Considering that Marvel’s current era of Star Wars comic books are set between the famous events of The Empire Strikes Back and Return of the Jedi, it was clear that we had to get to the construction of the second Imperial superweapon known as the Death Star sooner or later.
That’s why it wasn’t too much of surprise when last month, in issue #26 of the flagship Star Wars title’s second canon volume, we were introduced to a couple of Imperial defectors who (while secretly working for Lady Qi’ra criminal organization Crimson Dawn) plan on informing the Rebel Alliance of the existence of Death Star II.
Now, in Star Wars #27, this couple (whose unlikely names are Melton and Bevelyn– sure, it’s A Galaxy Far Far Away, so why not?) have stolen an Imperial Lambda-class shuttle and murdered the ISB officer originally scheduled to fly aboard it. The wily Moff Jerjerrod quickly catches on to the scheme and scrambles TIE fighters after the shuttle, but the married couple– whose two frightened children are also on board– make the leap into hyperspace at the last moment and escape. In the confusion they manage to get a message out to the Rebellion, though clearing the red tape at the opposing faction proves to be more difficult than they had first pictured and Lando Calrissian is, naturally, immediately convinced it’s a trap. They wind up on the familiar-looking river moon of Al’Doleem (first spotted in the 2017 Star Wars: Darth Vader comic run, also written by this issue’s talented scribe Charles Soule), where the Empire appears to be doing some sort of excavation. Swiftly realizing they’ve gone from the frying pan into the fire, Bevelyn and Melton fight off some more TIEs and jump to Coruscant, where Melton tries to come up with a plan.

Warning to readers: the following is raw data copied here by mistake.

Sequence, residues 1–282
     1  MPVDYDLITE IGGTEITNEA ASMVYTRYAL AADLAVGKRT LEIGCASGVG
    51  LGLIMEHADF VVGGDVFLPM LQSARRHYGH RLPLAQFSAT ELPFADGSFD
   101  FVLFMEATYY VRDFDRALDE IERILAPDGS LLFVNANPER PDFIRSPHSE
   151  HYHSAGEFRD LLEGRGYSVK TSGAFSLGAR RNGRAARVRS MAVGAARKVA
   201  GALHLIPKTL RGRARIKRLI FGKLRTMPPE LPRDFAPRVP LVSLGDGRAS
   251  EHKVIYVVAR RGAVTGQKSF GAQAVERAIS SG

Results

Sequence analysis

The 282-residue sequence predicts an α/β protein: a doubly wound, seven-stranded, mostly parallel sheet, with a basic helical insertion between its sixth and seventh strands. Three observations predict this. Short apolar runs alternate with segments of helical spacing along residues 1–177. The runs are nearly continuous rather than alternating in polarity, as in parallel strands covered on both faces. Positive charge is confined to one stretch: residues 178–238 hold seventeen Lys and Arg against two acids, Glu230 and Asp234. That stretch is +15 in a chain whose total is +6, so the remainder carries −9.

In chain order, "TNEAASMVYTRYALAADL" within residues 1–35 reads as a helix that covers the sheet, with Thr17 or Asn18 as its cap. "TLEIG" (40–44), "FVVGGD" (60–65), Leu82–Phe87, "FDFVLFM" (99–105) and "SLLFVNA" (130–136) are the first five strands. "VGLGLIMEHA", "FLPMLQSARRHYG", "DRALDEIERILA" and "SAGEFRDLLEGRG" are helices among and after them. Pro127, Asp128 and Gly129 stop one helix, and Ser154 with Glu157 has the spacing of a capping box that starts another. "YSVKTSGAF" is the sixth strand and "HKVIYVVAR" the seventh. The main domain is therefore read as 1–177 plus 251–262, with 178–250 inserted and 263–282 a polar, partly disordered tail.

It’s a pretty straightforward yarn, used mostly as an excuse to get to know this newly introduced couple, and it is pretty interesting to spend some time with two Imperials who have decided to jump ship. Not so clear is what Crimson Dawn might get out of all this (other than furthering Qi’ra’s plan of simply sabotaging the Empire in any way possible), but we do get to see things from the Rebellion’s perspective a bit. General Hera Syndulla (from the animated series Star Wars Rebels) makes a brief cameo appearance, and we learn how the Rebel Alliance sifts through potential intelligence hits at everyday briefings. I was going to complain– as I occasionally do– about the prominence of Luke Skywalker’s face on the cover of this comic, but that actually does pay off pretty well by the final page, so artist E.M. Gist has an excuse this time around. I’ve also adjusted a bit more to the interior art by Andres Genolet, which felt a little too cartoony for me last month but now seems appropriate to the tone of what Soule is apparently going for as the title’s writer. I love Genolet’s depiction of the shuttle escape pod’s crash in Coruscant’s lower levels and the ensuing crowd of underworld dwellers that surround it, accentuated by Rachelle Rosenberg’s moody colors. Additionally, I’m pretty excited by the prospect of what the rest of this arc will bring, especially considering the direction we should be headed as the events of Return of the Jedi draw ever closer.
Star Wars #27 is available now wherever comic books are sold.